trains, travel & terminology

Many years ago I had a colleague who told me that she was concerned about her daughter’s English, as the family didn’t speak English at home. Without a second thought, I told her she should encourage the girl to read.

I didn’t think it mattered whether she was reading Jane Austen, Dickens, Woman’s Weekly, or simply the next Mills and Boone bodice ripper: my idea was that she’d learn grammar and assimilate new vocabulary from seeing language in context.
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let’s not talk about it

I’ve mentioned before that, despite the restrictions to normal life, I’ve been doing quite a lot of travelling on public transport recently. I’ve waited quietly at the station, keeping as far away as possible from other travellers and felt very much like Dick Turpin about to waylay a stagecoach or a highwayman about to hold up the mailtrain as I’ve pulled my mask over my face when the train approaches.

I don’t particularly like wearing a face mask, but I think it probably makes sense to do so, not just because it’s a legal requirement.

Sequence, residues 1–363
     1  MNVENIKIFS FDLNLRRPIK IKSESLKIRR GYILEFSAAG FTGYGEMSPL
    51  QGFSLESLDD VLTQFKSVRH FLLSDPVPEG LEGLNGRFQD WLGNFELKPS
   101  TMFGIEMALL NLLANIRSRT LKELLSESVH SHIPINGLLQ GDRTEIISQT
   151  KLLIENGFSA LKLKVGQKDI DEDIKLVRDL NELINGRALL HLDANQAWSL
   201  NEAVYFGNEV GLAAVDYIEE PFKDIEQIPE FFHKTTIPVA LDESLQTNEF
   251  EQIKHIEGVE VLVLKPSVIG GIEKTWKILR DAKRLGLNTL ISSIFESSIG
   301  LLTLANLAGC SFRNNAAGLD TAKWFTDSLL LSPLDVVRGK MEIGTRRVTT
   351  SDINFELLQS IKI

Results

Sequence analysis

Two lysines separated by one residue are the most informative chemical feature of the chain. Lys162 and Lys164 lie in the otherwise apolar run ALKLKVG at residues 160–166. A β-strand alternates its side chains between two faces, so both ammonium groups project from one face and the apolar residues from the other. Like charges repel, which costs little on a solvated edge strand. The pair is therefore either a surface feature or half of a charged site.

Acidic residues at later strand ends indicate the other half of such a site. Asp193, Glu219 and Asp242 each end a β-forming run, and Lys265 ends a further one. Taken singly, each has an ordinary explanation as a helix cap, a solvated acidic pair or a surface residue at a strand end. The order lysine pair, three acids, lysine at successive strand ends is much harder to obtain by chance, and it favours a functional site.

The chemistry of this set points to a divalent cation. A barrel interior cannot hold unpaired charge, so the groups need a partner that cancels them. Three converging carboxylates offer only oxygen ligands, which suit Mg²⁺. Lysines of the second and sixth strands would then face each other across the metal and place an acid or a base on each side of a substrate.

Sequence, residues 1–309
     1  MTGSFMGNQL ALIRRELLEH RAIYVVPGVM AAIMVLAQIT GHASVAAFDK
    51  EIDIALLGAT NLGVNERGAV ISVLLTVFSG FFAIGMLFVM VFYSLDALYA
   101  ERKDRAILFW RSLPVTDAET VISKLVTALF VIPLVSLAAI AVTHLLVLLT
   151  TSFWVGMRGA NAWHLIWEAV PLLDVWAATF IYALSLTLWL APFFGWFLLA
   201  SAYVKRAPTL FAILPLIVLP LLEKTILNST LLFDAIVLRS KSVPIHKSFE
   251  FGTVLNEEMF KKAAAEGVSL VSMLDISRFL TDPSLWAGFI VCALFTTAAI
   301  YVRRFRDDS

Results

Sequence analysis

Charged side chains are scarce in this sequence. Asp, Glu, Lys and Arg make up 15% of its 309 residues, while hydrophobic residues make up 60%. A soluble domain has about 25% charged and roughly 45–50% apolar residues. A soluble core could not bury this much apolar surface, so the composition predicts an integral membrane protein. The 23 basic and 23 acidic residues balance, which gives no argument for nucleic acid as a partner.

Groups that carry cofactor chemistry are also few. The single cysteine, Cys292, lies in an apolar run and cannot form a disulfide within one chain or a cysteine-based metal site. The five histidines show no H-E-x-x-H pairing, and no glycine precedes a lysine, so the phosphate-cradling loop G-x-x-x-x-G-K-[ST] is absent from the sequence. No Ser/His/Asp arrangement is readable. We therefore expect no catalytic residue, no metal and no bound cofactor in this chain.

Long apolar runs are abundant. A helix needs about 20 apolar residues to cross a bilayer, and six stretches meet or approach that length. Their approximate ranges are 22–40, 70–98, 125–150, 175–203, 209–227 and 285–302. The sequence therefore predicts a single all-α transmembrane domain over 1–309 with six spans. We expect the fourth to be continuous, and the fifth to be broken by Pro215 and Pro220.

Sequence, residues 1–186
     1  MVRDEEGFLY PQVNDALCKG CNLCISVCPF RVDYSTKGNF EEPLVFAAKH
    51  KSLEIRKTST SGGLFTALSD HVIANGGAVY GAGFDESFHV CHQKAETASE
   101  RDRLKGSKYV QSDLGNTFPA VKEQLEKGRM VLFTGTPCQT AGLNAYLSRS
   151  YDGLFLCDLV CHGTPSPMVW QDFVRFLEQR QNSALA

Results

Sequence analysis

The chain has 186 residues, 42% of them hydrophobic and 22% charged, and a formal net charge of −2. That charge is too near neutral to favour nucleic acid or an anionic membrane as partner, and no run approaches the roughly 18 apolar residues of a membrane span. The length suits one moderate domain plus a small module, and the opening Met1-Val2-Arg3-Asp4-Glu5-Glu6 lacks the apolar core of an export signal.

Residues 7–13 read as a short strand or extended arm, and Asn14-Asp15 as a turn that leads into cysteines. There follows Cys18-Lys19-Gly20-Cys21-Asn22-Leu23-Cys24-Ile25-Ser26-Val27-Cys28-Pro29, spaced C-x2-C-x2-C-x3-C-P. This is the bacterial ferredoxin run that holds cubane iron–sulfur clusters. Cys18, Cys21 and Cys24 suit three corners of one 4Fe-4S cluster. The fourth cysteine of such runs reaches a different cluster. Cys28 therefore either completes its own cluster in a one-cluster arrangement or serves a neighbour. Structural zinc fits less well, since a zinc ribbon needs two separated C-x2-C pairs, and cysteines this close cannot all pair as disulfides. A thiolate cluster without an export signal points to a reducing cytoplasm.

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train of thought

Trains were a major feature of my childhood. I don’t know how many times I’d actually been on a train before my first birthday, but I do know that I had already travelled from the south east of England all the way to the Highlands, a journey that, even today, would be likely to take the best part of a day.

Even when we returned to live in the south a few years later we didn’t own a car so my father commuted to London by train and underground each day, and any holiday we took tended to feature traditional black cabs and card games played in waiting rooms at railway junctions.
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something for the journey

I have always enjoyed travelling. Not necessarily because I want to get somewhere in particular, but for the simple joy of the journey: the “time between places” when, particularly if you travel alone and on public transport, you can duck out of life and be someone else entirely.

Chance encounters in the buffet car, casual conversations that crop up between complete strangers, momentary glimpses of other people’s lives, things seen from train windows – and, as in the photo above, sometimes even the trains themselves in their festive glad rags.
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transports of delight

The EWS logo on the side of a train the other night caught my eye: it seemed so eminently traditional that I felt it must belong to the era of nationalised railways and navy blue quilted anoraks.

Having looked it up online, though, I find the company is only twenty years old. I also find that what I think of as an anorak probably bears little resemblance to the original Greenlandish garment.
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